The Precious Skylander Level-Ups. We Wants Them.
From the outside, everything about Skylanders Giants
shouldn't work. While I was playing it, when people asked me what I was playing, I told them it was like Pokémon, but they should imagine having to buy each Pokémon for ten dollars. Not just because of the act of collecting as a feature of the game, but also because it's just so damn addictive.
At E3 I had a brief chance to talk to developers about Skylanders Giants
, but when I mentioned the 3DS version, they told me it was a different game. The plot involves the Skylanders thwarting an attempt of a nefarious Pirate, Frightbeard, to free his pirate brethren from their thousands of years of captivity From the Chest of Exile.
The 3DS version works slightly differently from its console-bound brothers. It has to be portable, so the Portal is only used from a ship hub between missions in the game, allowing the player to store two Skylanders at a time to be switched to at any time during the game.
The portal connects through the 3DS's infrared transceiver on the back and shuts off automatically when not connected. This allows the user to cart around their Skylander figures and portable portal, which runs on several AAA batteries, and play on the go without it always having to be connected to the 3DS.
As with Skylanders
on consoles, one of the main feature of the game is the ability to switch out the playable characters but have their experience travel with the toy placed on the portal. In the case of the 3DS version, since the characters level up outside of contact with the portal, they need to be synced before those levels show up elsewhere.
on the 3DS is a light action platformer. It's not particularly difficult; for instance, falling off of one of the Skylands nets you some health loss but is not immediately fatal. The game's action is light, with a mix of ranged and melee attacks, and enemies dropping health power-ups in the form of fruit whenever the Skylander's health gets appreciably low.
The only real challenge is in the final battle with Frightbeard himself, who charges around quickly and throws his lightning-shooting sword. It's quite a jump in difficulty, especially considering the ease with which I was able to level up my figurines to level 11 with a fairly breezy pacing, only to find that I probably needed maxed out stats on someone to have as easy a play experience for the boss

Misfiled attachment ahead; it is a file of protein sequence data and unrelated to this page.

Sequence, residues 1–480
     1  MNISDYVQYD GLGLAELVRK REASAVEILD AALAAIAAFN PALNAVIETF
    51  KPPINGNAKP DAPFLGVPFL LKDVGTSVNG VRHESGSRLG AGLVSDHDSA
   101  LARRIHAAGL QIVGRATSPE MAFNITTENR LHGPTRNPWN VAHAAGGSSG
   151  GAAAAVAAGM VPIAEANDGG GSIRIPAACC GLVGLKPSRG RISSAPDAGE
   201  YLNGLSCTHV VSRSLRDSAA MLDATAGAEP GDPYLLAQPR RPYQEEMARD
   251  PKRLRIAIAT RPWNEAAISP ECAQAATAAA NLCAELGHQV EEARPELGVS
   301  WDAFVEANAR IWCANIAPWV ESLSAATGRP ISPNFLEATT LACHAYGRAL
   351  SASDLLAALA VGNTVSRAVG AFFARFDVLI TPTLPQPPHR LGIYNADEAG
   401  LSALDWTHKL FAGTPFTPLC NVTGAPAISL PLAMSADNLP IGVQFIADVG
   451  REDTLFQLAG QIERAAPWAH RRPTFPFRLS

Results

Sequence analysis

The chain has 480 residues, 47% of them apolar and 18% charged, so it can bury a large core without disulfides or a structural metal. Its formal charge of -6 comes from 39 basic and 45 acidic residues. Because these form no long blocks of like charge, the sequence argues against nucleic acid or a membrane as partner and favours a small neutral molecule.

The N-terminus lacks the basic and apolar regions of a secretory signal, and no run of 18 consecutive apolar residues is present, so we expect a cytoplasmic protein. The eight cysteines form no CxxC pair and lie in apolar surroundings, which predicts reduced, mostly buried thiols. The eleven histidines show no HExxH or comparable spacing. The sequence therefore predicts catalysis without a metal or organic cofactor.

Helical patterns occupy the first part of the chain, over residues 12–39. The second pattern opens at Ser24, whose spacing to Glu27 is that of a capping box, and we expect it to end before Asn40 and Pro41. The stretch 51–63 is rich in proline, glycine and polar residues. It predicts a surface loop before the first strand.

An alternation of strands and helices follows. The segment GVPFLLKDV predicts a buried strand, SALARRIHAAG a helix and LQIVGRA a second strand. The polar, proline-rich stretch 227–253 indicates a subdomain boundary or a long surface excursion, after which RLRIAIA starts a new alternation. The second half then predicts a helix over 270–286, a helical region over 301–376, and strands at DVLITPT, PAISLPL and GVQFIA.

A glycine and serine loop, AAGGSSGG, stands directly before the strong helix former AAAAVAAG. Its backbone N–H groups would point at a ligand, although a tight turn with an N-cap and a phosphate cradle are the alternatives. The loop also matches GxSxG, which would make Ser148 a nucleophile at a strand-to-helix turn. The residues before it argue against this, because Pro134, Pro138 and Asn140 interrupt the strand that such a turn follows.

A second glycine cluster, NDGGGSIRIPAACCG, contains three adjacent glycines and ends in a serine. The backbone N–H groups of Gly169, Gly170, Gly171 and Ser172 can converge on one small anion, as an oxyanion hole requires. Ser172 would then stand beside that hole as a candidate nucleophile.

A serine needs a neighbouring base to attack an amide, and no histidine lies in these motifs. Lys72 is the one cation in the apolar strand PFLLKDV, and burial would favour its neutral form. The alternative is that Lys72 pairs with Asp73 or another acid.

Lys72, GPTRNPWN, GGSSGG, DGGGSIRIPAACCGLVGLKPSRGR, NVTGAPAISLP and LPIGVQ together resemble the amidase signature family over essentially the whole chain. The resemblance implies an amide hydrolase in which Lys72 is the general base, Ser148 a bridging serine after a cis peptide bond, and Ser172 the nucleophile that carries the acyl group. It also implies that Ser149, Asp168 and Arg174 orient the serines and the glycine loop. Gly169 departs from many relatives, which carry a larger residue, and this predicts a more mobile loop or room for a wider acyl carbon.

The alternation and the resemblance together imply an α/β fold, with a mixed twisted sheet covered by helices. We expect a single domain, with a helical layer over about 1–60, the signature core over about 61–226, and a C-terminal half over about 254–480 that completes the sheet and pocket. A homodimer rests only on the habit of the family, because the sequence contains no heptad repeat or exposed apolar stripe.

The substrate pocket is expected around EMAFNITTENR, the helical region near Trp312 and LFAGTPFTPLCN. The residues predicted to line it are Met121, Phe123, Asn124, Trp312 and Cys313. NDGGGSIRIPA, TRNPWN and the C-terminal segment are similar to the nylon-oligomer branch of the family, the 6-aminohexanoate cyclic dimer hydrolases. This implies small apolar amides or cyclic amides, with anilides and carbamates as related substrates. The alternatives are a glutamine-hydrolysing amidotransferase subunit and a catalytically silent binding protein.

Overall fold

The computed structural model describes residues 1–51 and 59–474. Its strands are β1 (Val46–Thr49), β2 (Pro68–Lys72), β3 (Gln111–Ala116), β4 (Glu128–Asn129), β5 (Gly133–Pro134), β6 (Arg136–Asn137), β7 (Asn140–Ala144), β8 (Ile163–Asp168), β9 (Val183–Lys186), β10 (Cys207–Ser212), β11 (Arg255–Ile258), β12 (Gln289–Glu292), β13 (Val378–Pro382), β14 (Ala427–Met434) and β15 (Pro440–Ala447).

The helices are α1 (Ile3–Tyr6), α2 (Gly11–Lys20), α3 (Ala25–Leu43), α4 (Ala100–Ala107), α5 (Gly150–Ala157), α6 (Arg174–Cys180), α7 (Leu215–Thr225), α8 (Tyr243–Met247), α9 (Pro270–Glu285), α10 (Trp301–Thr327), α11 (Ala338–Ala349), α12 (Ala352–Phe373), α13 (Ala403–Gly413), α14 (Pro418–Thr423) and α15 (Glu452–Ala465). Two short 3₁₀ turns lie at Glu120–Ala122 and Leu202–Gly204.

However, Skylanders Giants
may be one of the only games I can imagine where the value may not be in the plot or gameplay. The value is in the ability to level up your Skylanders and watch their abilities shift and their attacks become cooler. I couldn't care less about the plot or gameplay, but I sure want to see if I'm going to get new attacks when my Tree Rex reaches level 15!
This is both the blessing and curse of Skylanders Giants
. It has the potential to keep the player playing for as long as they have an interest in seeing their Skylanders develop, but the gameplay is bland, boring, and the presentation feels cheap. The difficulty for much of the game is so lacking that even trying to dodge enemy attacks seems unnecessary. This wouldn't be bad if the game were more charming, but it's also a bit of a visual lump.
on 3DS looks like a middle-of-the-road PS2 game with a generic cartoony look. Additionally, the characters are often framed as if they were on a much larger screen, making them look tiny (even the Giants), which can make it hard to pick up collectibles in the levels. The cinematic scenes don't fare too well either.
It's a good thing that the marketing genius in the Skylanders
franchise is so effective. An uninteresting game may actually serve the purpose of of the franchise, since it allows people to level up their figures relatively quickly, prompting them to buy a new figure and start over again at square one. Also, since Skylanders figures can be taken from console to 3DS back to console and continue to gain experience, the 3DS version may be just the accessory that fans of franchise will want, even if the game itself is boring and bland.
Copy provided by publisher.